Using the “tar and feathers” method also seen in Southern California, the engineers created some 300 artificial trees, some of them as tall as 12 feet. There were a total of 53 homes, two dozen garages, three greenhouses, a small store, and even a gas station. All of them were built of wood and canvas like those which John Ohmer had designed in California.
Many were only about four feet high at the eaves, although some were taller, and there were even a few which represented two-story houses. Inside, they were furnished only with fire-protection sprinklers. Mile-long catwalks served as “sidewalks” and provided access to all the areas of Wonderland.
At least two of these homes were built to be occupied by nonimaginary people. During 1942 and early 1943, the U.S. Army personnel who manned antiaircraft guns in Wonderland were housed on the Plant 2 rooftop.
Whereas the imaginary populations of the imaginary rooftop towns in Southern California “drove” rubber cars, the automobiles parked on Wonderland’s streets were made of wood and were just a couple of feet high. The angular design of these wood frame vehicles made them look more like AMC Gremlins from the 1970s than the smoothly rounded Fords and Chevies of the 1940s.
An often-repeated urban legend was that a cow was even let loose to roam Wonderland. However, this charming but improbable story has just as often been debunked by those in the know.
Passive and Active Defenses
Also involved in building and maintaining the elaborate camouflage project at Plant 2, Boeing Field, and Beacon Hill, were the personnel of the Passive Defense Division of the Corps of Engineers. Indeed, the Seattle office of the division was quite active during the war. LeRoy Robert Hansen, chief of the division’s Agronomy Section, who was probably involved in the Boeing project, published his 1943 monograph, The Use of Grasses and Legumes for Camouflage and Dust Control on Airfields with a Seattle dateline.
Different techniques were used for the sections of the phony village that were laid out across Boeing Field. As described by the Seattle District Engineers, the “problem was to obtain a texture to which camouflage paint would adhere and yet which would offer no interference to air traffic. After much experimenting, a crushed rock surface from one-eighth to three-eighths of an inch was rolled with an adhesive material for paved areas. For nontraffic areas, wood chips or hogged [sic] fuel with cement was used.”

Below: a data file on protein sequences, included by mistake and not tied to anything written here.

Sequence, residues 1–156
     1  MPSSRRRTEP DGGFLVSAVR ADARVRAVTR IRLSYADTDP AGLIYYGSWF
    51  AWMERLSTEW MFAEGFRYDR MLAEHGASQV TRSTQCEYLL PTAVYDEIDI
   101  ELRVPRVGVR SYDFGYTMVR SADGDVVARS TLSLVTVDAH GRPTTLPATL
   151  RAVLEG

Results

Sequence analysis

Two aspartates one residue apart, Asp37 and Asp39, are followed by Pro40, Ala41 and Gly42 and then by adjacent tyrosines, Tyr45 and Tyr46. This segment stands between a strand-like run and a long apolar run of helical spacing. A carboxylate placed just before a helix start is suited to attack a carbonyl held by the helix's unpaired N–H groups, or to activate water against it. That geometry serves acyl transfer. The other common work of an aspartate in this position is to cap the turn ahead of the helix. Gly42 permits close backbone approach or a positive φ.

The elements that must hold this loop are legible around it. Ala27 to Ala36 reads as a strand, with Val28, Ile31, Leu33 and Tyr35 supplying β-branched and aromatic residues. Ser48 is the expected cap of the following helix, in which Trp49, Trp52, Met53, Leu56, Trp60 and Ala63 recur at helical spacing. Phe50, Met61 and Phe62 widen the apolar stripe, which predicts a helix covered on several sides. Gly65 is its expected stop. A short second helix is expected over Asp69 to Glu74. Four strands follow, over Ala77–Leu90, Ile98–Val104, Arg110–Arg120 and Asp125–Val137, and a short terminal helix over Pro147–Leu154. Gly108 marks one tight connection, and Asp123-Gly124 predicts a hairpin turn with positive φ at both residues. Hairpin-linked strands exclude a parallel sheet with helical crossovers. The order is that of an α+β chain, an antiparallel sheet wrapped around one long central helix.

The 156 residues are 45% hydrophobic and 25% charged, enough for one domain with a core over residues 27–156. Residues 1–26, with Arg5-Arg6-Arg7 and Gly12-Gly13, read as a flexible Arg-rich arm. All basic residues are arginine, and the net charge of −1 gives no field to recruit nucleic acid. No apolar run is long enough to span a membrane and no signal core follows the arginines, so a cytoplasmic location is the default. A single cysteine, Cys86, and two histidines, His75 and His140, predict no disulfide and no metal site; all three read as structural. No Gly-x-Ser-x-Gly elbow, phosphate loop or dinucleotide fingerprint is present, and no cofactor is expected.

In the areas between and beyond the runways, the “houses” were merely concrete slabs six inches thick, because anything higher was deemed to constitute too much clutter for ramp and runway operations. However, in these areas, “lawns” and vacant lots could be comprised of real grass and real weeds, carefully designed and tended by LeRoy Hansen’s agronomists.
While Detlie and the engineers managed the passive defense for Boeing, active defense, such as the planning and execution of fire and air raid drills and air raid shelters, was handled by company personnel, such as Glenn V. Dierst, the company’s plant protection manager, and his team of white-helmeted wardens. A 1943 Boeing News Bureau release states that all the plant personnel could reach the shelters in less than 12 minutes.
Seattle presented a unique problem for the passive defense planners. As anyone who has gazed at the ground from an airplane has noted, it is much easier to identify a familiar location through the contrasting color and contours of land and water. New York and San Francisco, for example, are easier to recognize than Des Moines or Topeka because their shapes are strictly defined by rivers and bays. Because Seattle is sandwiched between the distinctively shaped Puget Sound and Lake Washington, spotting landmarks is easier than it is at Burbank.